By Dorian Burkhalter
October 20, 2022
People demonstrate outside the European headquarters of the UN in Geneva in support of Uyghur Muslims in China's Xinjiang. © Keystone / Martial Trezzini
Despite the efforts of Western countries and NGOs, the UN body responsible for protecting human rights everywhere refused to discuss the situation in China’s Xinjiang.
On October 6, the United Nations Human Rights Council in Geneva voted down a historic “draft decision” to hold a debate on the human rights situation in China’s Xinjiang province.
In its 16-year history, the Council had never targeted a permanent member of the UN Security Council. Ahead of the vote, the question on everyone’s lips was: can the UN’s top human rights body agree to hold a debate on alleged violations, which the UN has found may amount to “crimes against humanity”, by one of the world’s most powerful countries, China?
The result was close – 19 against, 17 in favour, and 11 abstentions – but it was a major diplomatic win for China.
China’s mission to the UN in Geneva tweeted that the result demonstrated the “firm opposition by the developing countries against political manipulations of Xinjiang-related issues by some Western countries”. Western delegations, which had proposed the text, said the vote showed that a significant number of governments were willing to stand up to China.
But some UN watchers wondered whether the Council, which has a mandate to promote and protect human rights across the world, and to address violations wherever they occur, had lost its moral standing.
Blow to the Council’s credibility
“It’s impossible to see this as anything other than a blow to the credibility of the Human Rights Council and the United Nations,” says Marc Limon, the executive director of Universal Rights Group, a think-tank with offices in Geneva, New York, and Bogota.
Several members of the Organisation of Islamic Cooperation such as Indonesia, Qatar, and other Middle Eastern and African countries opposed the draft decision. Some of the world’s biggest democracies like India, Brazil, and Mexico abstained.
“Their credibility as constructive Council actors has really been undermined. Not just because they didn’t take a stance on China, but because these are governments that traditionally promote dialogue as the first solution to national crises or situations that they consider as controversial,” says Raphaël Viana David, China and Latin America advocate at the International Service for Human Rights (ISHR), an NGO with offices in Geneva and New York.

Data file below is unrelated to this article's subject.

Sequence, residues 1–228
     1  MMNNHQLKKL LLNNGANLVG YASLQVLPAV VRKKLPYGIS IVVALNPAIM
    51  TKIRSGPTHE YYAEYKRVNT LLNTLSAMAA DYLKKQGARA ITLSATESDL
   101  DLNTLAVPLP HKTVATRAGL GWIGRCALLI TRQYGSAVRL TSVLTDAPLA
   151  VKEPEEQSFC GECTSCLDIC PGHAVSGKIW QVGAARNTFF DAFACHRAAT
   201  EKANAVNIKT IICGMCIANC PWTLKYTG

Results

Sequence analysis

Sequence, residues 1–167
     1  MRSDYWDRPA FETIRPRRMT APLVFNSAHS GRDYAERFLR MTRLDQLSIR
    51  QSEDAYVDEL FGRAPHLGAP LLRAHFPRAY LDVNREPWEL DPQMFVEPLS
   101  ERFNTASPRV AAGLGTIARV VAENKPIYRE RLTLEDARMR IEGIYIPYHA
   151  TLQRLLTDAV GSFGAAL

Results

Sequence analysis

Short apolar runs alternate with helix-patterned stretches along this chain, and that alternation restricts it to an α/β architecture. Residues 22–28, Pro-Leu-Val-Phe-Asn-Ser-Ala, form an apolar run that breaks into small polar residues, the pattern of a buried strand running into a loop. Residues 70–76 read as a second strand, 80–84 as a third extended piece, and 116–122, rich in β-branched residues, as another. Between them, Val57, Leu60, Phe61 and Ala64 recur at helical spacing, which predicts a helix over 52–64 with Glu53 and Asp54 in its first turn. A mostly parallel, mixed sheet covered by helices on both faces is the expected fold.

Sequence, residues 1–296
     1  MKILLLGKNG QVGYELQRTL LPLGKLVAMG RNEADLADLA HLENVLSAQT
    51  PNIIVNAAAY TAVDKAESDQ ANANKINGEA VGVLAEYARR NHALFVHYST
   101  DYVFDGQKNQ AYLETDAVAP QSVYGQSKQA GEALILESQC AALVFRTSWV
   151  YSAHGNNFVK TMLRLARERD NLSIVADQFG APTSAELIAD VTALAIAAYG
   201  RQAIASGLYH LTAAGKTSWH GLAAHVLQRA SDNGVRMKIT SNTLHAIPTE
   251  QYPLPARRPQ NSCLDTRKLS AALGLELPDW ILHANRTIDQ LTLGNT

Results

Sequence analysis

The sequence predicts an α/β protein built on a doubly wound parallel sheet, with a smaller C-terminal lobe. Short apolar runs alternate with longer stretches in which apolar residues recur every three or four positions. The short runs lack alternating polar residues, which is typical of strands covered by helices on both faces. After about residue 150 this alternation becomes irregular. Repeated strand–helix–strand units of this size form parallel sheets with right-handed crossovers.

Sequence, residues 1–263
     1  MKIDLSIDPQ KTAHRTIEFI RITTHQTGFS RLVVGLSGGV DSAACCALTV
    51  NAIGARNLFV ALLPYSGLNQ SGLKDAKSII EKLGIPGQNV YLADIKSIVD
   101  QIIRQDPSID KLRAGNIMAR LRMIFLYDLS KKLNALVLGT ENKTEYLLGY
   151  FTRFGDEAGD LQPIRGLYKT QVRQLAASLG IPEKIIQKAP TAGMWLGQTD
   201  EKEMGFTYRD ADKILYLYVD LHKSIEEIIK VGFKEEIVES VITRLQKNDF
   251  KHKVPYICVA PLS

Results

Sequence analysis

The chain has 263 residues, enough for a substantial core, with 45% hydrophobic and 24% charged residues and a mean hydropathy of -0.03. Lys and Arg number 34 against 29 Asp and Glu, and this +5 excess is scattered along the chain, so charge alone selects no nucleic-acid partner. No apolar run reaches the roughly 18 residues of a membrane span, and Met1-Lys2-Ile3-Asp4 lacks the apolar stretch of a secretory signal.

But the vote result is not a “mortal blow” to the Council’s reputation, argues Limon.
One day after the vote targeting China, the Council decided to mandate a special rapporteur on Russia, another historic decision against a powerful member of the Security Council. This result would have been “completely unthinkable” a couple of years ago, says Viana David.
Until last year, when it refused to renew the mandate of experts investigating alleged rights violations in the Yemen civil war, the Council had never voted down a resolution. The move shocked human rights defenders at the time. A year later, the Council has now rejected two proposals.
Shift in power
“There’s a clear shift in power at the Human Rights Council,” says Limon. He believes the change took place after the US left the Council under former president Donald Trump. “If you’re talking about one single dominant player now, it’s China. Closely followed by the United States, but it just doesn’t have the same lead that it used to,” he adds.
Historically, the UN human rights system has been dominated by the West, its democratic ideals, and its focus on civil and political rights. Until recently, Western countries were rarely the target of resolutions. But this has changed in recent years.
The Council responded in 2020 to the police killing of George Floyd by mandating the High Commissioner to produce a report on systemic racism and police violence against Africans and people of African descent that focused on the US. And in 2021 a China-led resolution on the “negative impact of the legacies of colonialism on human rights” targeting, without naming them, Western European states, Canada, and the US was also adopted.